Facebook Computer Vision AI Can Now Creepily Search Your Photos And Understand What’s In Them
This started out as a small research project. Engineers needed a general-purpose platform that they leverage at scale, so they built one and called it FBLearner Flow. In the beginning, there was no need to worry about provisioning or dealing with scaling for real-time traffic. Over time, however, it became more widely used. Facebook continued to build on top of it, including the addition of tools to automate the process of machine learning.
FBLearner Flow and its team of engineers eventually transitioned to Facebook's Applied Machine Learning team when the platform reached production scale. It is now the engine for the current computer vision team at Facebook with a platform called Lumos built on top of it. Facebook built Lumos to understand photos and videos, and it continually gets better over time through newly labeled data that is fed into it, and through annotated data from the applications that Facebook builds.
"Advances in deep learning have allowed us to make big improvements in image classification—questions like 'What is in the image?' and 'Where are the objects?' are being answered by systems more accurately than ever. We've advanced this research by designing techniques that detect and segment the objects in a given image," Facebook explains.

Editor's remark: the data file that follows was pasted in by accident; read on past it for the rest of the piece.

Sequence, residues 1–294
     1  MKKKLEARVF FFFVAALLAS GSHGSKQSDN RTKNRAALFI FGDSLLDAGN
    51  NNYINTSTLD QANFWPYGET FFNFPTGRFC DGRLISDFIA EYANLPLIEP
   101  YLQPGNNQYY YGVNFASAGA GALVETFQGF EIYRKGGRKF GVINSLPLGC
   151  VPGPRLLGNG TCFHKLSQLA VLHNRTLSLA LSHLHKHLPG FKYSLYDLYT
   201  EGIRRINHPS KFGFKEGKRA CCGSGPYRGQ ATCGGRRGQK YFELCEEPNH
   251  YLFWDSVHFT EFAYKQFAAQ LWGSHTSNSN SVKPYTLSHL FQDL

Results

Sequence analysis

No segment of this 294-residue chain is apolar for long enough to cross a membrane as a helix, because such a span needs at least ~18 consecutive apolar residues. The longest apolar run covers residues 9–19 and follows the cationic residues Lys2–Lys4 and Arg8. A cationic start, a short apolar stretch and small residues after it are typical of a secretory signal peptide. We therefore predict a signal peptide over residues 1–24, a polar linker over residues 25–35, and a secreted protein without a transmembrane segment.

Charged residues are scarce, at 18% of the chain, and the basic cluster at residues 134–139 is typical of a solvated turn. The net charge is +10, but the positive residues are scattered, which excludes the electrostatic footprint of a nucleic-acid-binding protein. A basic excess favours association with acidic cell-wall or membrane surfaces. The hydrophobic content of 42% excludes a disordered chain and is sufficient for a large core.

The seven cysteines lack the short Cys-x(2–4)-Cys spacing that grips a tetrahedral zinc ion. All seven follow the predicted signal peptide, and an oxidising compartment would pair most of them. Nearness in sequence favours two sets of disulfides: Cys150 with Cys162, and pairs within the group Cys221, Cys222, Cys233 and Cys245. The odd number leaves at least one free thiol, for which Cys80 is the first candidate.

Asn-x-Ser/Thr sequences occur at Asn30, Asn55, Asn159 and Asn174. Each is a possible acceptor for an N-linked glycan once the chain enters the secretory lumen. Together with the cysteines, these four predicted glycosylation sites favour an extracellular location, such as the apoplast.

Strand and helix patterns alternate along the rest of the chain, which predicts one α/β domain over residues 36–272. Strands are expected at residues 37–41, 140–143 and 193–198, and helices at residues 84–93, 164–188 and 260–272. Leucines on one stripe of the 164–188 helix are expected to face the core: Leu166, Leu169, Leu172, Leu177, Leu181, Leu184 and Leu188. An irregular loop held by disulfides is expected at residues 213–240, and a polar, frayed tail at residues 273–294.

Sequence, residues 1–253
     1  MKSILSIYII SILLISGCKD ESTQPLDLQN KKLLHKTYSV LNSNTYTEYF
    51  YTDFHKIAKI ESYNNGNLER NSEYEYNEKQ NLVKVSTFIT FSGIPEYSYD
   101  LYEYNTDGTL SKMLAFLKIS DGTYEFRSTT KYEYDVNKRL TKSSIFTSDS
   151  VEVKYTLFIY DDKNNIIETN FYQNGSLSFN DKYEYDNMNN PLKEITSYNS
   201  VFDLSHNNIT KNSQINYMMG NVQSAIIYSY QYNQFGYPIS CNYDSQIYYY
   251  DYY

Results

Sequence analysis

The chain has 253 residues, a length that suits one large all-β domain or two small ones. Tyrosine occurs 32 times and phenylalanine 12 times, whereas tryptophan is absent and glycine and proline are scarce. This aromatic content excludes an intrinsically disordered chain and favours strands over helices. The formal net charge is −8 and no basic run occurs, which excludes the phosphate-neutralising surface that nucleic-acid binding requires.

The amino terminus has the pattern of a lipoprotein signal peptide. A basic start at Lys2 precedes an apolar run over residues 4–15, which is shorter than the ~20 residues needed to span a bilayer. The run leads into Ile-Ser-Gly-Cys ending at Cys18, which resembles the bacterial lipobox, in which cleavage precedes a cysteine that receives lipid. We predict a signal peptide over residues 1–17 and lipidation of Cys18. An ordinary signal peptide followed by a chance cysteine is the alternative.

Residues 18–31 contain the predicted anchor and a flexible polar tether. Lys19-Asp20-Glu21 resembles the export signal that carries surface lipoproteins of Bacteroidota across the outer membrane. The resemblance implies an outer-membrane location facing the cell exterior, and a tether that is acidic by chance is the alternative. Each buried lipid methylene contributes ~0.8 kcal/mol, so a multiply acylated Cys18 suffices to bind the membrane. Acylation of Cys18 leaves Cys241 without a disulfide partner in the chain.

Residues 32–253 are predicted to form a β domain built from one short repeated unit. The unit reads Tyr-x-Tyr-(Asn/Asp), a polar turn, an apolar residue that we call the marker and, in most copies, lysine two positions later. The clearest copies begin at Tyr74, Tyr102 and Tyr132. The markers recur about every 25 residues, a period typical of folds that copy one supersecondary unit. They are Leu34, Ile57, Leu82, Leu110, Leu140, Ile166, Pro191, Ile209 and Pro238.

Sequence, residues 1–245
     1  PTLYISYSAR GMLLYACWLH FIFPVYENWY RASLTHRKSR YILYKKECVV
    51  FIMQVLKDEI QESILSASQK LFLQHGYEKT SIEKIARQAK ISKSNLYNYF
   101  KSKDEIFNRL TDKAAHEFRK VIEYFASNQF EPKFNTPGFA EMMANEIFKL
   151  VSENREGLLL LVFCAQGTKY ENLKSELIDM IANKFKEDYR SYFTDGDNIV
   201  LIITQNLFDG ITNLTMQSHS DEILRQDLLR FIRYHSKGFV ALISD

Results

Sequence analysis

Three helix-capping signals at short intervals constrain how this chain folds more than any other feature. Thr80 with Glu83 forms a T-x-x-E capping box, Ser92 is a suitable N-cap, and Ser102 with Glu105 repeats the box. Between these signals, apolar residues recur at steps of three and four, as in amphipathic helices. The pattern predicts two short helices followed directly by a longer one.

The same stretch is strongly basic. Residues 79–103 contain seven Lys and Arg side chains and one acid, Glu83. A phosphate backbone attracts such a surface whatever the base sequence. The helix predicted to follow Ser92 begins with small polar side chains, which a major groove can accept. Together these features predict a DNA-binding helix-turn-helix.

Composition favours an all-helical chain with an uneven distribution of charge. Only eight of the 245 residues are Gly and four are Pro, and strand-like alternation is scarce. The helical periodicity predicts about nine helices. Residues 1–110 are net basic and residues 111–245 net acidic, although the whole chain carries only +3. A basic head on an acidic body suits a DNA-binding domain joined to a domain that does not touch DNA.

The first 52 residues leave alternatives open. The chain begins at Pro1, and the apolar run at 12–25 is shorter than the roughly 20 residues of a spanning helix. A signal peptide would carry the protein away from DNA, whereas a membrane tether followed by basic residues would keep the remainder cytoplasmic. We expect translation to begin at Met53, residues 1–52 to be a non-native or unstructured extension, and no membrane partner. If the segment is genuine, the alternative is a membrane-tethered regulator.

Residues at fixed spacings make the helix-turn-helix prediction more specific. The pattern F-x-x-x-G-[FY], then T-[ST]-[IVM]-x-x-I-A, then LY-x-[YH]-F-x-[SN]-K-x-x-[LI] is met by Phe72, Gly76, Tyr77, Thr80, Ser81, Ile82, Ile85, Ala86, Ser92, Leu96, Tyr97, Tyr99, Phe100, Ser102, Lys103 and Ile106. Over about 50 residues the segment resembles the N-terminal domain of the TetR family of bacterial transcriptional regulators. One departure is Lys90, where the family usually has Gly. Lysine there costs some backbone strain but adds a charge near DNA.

By leveraging Lumos, Facebook is able to offer users visual search. You might have liked someone's photo recently but don't remember exactly when it was posted or by who. That makes it hard to find, though if you can recall other details, such as the color of shirt that someone was wearing, Facebook can use that info to dig it up.
It sounds like a simple thing but there is some advanced computing taking place here. To make sure that search results are relevant, Facebook has be able to understand the the contents of a photo. For that happen, Facebook's engineers used cutting-edge deep learning techniques to process billions of photos and understand their semantic meaning.
Cool stuff, if not just a little bit creepy too.